Table of Contents
1 INTRODUCTION & BACKGROUND
Tank gauging plays an important role in the smooth functioning of the Petroleum Supply Chain. Some gaseous petroleum products like LNG and LPG (despite being part of the gas supply chain) are also measured by tank gauging while in the liquid phase at the time of custody transfer or fiscal metering.
Industrial storage tanks usually contain large volumes of liquid product with significant fiscal value – the larger the tank larger is the financial impact of any incorrect operations. Tank gauging is critically important for measuring liquids in large storage tanks. The ultimate objective is to accurately determine the value of volume and mass of the product in the tanks. The oil and gas industry generally uses static volumetric assessments of the tank content. However, mass measurements are also implemented in China.
Tank gauging involves liquid level, temperature and pressure measurements. Since liquids undergo volume changes, depending on individual thermal expansion coefficient, there is an additional requirement for proper volume compensation during calculations of volumes at varying temperature conditions. Often, more significantly, for high vertical tanks and pressurised tanks, pressure measurement of the liquid head is important and included in calculating the pressure correction factor. This, in turn, provides an accurate assessment of the average observed density for converting volume to mass.
In addition, dimensional correction factors for variations in tank structural volume under changing operating parameters are applied to maximise liquid product quantity measurement accuracy. Tank gauging scope varies and is dependent on 1) type of tank, 2) type of liquid, and 3) the purpose storage tank is used for.
1.1 Types of Storage Tanks
Tank gauging configurations vary with changes in basic designs of storage tanks that usually come as:
- Cylindrical fixed roof tanks (Atmospheric or pressure less than 15 psig)
- Cryogenic pressurised cylindrical tanks (LNG pressure < 4psig)
- Cylindrical floating roof tanks (Atmospheric or pressure less than 15 psig)
- Pressurised tanks of spherical design
- Pressurised tanks of horizontal cylinder (bullet) design.
- Cryogenic Pressurized Land-based LNG Tanks
- Cryogenic Pressurized LNG tanks onboard marine vessels
- Crude / Petroleum products tanks on marine vessels
1.2 Types of Liquids Stored
Tank gauging configurations vary with changes in products contained in storage tanks that include:
- Very Heavy Crude (often heated tanks)
- Medium to Light Crude and Condensate
- Nonvolatile petroleum products (heated tanks for products like coal tar and bitumen)
- Volatile petroleum products
- Pressurised liquid gases
- Liquified gases
- Excessively Corrosive and Hazardous Products
1.3 The Use of Storage Tank
Tank gauging configurations vary depending upon the usage and purpose of information from a tank gauging system. The most common are:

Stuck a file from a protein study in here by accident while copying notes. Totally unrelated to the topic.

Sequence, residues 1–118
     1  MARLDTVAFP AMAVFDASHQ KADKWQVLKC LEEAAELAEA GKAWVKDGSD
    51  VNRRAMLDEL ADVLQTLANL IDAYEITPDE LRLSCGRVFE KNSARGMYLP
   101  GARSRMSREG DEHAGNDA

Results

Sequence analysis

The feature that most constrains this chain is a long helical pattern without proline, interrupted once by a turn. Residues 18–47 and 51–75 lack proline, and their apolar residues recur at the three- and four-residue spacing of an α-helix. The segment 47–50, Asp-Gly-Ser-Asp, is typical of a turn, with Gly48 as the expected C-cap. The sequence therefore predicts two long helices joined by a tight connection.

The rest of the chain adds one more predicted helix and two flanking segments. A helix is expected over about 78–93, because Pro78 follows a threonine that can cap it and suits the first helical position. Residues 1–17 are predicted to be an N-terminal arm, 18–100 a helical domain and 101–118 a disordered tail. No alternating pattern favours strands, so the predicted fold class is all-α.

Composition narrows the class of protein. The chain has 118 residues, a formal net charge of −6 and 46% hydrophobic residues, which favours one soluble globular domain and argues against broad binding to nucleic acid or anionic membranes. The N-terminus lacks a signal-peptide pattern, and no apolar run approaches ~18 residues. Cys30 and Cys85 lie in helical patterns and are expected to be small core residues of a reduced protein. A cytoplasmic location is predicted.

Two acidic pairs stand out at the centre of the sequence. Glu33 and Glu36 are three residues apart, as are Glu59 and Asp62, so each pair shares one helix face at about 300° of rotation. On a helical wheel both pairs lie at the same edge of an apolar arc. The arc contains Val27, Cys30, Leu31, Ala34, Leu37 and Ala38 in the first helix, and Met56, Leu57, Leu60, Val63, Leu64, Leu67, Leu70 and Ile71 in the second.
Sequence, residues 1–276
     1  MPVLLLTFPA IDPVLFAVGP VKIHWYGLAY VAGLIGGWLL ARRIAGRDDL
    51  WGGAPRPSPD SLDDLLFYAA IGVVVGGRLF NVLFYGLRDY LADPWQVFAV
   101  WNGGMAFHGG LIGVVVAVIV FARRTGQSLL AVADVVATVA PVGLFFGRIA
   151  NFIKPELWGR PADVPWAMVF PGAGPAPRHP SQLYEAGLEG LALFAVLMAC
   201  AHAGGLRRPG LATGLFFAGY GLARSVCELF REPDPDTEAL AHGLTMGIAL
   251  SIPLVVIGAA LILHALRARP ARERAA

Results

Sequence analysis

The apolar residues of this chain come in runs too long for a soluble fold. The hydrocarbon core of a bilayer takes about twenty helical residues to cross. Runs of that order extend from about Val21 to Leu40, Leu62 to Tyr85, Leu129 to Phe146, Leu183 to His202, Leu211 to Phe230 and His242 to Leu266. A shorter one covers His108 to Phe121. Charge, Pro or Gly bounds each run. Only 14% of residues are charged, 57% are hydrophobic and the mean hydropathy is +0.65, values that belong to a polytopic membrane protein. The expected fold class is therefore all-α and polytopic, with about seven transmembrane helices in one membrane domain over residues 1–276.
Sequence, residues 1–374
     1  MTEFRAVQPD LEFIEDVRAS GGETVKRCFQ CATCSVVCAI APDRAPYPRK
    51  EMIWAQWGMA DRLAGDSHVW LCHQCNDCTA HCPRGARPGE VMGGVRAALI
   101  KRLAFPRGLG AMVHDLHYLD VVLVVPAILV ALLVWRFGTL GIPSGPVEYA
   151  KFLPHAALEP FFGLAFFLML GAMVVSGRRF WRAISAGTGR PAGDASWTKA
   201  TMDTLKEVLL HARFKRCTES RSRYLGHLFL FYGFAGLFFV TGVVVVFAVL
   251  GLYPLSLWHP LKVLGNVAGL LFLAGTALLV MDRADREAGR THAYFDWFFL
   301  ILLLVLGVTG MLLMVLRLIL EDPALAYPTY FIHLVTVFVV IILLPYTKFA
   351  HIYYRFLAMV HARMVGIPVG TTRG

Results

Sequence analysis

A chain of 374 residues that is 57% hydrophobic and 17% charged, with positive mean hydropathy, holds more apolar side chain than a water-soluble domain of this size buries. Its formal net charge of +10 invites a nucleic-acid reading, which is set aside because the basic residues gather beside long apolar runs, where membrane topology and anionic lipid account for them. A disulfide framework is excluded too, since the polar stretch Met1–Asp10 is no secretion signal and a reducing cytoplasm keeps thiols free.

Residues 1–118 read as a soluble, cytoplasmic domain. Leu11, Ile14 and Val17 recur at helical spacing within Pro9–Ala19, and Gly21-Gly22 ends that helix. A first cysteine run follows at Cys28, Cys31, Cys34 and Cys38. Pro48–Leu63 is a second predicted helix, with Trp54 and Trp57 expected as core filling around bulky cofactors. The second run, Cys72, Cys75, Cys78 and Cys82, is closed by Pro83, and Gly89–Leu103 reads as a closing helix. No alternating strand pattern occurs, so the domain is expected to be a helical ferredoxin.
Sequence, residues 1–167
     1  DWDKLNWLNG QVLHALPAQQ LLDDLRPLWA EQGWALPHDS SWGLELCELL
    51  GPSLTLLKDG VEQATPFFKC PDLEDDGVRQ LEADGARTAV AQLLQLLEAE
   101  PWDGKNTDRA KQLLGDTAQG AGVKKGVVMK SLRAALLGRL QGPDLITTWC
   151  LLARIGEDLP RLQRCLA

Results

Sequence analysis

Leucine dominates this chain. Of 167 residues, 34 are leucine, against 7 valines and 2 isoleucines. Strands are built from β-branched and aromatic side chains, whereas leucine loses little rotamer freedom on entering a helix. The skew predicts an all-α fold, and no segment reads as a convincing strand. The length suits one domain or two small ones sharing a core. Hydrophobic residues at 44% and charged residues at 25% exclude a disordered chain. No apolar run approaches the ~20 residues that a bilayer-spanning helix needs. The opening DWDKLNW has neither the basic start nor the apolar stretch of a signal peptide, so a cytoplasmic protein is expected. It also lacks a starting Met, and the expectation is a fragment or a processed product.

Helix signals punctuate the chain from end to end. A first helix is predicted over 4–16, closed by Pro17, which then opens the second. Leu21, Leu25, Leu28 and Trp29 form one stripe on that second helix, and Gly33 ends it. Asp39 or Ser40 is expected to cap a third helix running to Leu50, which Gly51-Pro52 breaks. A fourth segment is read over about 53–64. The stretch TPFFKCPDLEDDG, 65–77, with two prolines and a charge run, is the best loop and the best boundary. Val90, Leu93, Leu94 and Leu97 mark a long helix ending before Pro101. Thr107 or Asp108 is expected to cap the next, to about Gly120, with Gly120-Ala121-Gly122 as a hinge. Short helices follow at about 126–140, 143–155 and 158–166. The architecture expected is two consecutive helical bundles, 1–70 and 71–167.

- Petroleum (Oil, LPG, LNG) movement and operations
- Inventory control
- Custody transfer
- Loss control and mass balance
- Material balance or volume reconciliation
- Overfill prevention
- Leak detection
2 AUTOMATIC TANK GAUGING
The traditional tank gauging technique is hand gauging which can only be performed on atmospheric tanks. A specially designed metallic measurement tape measures ullage or innate (liquid level). The ullage is the distance from the reference point of the tank down to the liquid surface. The tank level is calculated by taking the reference height minus the measured ullage.
Tank gauging is swiftly moving towards automatic tank gauging systems. These are not just instruments on the tank. Rather, they combine field instrumentation, data acquisition, data processing, data communication, data storage, and retrieval. Automatic tank gauging systems are based on reliable data communication between control room servers and field instrumentation over large field bus networks, often wired and wireless. When buying and selling large volumes of liquids, automatic tank gauging systems serve as the main input for establishing correct invoicing and taxation. Certified tank gauging systems can provide more accurate transfer assessments than dynamic metering (LACT or ACT Systems) when performing large transfers from a tanker ship to a shore tank.
Float gauges, servo gauges and radar gauges are most commonly used in automatic tank gauging systems. As part of automatic tank gauging systems, all these gauges are configured to determine accurate values of ullage, innate, and water cut – where required. The transmitters attached to the tank gauge send the tank level values through signal cables (or in the form of radio signals) to the control room. Among the various tank gauges in today’s industry, radar level gauges are usually considered better because they have no moving parts and require no regular maintenance. However, proper use of technology is important while selecting automatic tank gauging systems based on radar gauges. Another characteristic associated with radar devices is their ability to carry out tank fluid measurement in dry mode – they do not require direct contact with the liquid. This unique feature makes it possible to use a radar gauge on various liquids such as corrosive chemicals, heated heavy asphalt, cryogenic liquefied gases like Liquefied Natural Gas (LNG), liquid Oxygen, Liquid Nitrogen, etc. etc.
2.1 Radar Tank Gauges
Radar tank gauges are commonly referred to as microwaves – ultrasound and capacitance level sensors have faded with time due to the effectiveness and accuracy of microwave-based radar gauges. Their initial applications were for automatic tank gauging of marine petroleum tankers but were further developed to fit onshore storage tanks.
For high-performance requirements of custody transfer accuracy in tank gauging applications, the Frequency Modulated Continuous Wave (FMCW), also referred to as “Synthesized Pulse”, signal processing method is used in radar gauges. The FMCW method sometimes goes under the. FMCW can deliver an instrument-level gauging accuracy better than a millimetre over a 50+ meter range. The latest design has been miniaturised to small enclosures. The power requirements are reduced so that radar tank gauges can be made intrinsically safe and require only a 2-wire bus for power and communication.
FMCW technology makes a radar tank gauge accurate, but this is not enough on its own. Precision radar gauges must also have specially designed microwave antennas to deliver instrument accuracy and installed accuracy required by custody transfer standards. One important property of radar antennas is that they should be designed to drip off any condensation quickly. Therefore, antennas inside tanks require sloping surfaces to avoid the accumulation of condensate liquids. To understand this application, the reader is referred to American Petroleum Institute Standard (API MPMS ch. 3.1B, ed. 1) related to antenna design with no horizontal surfaces.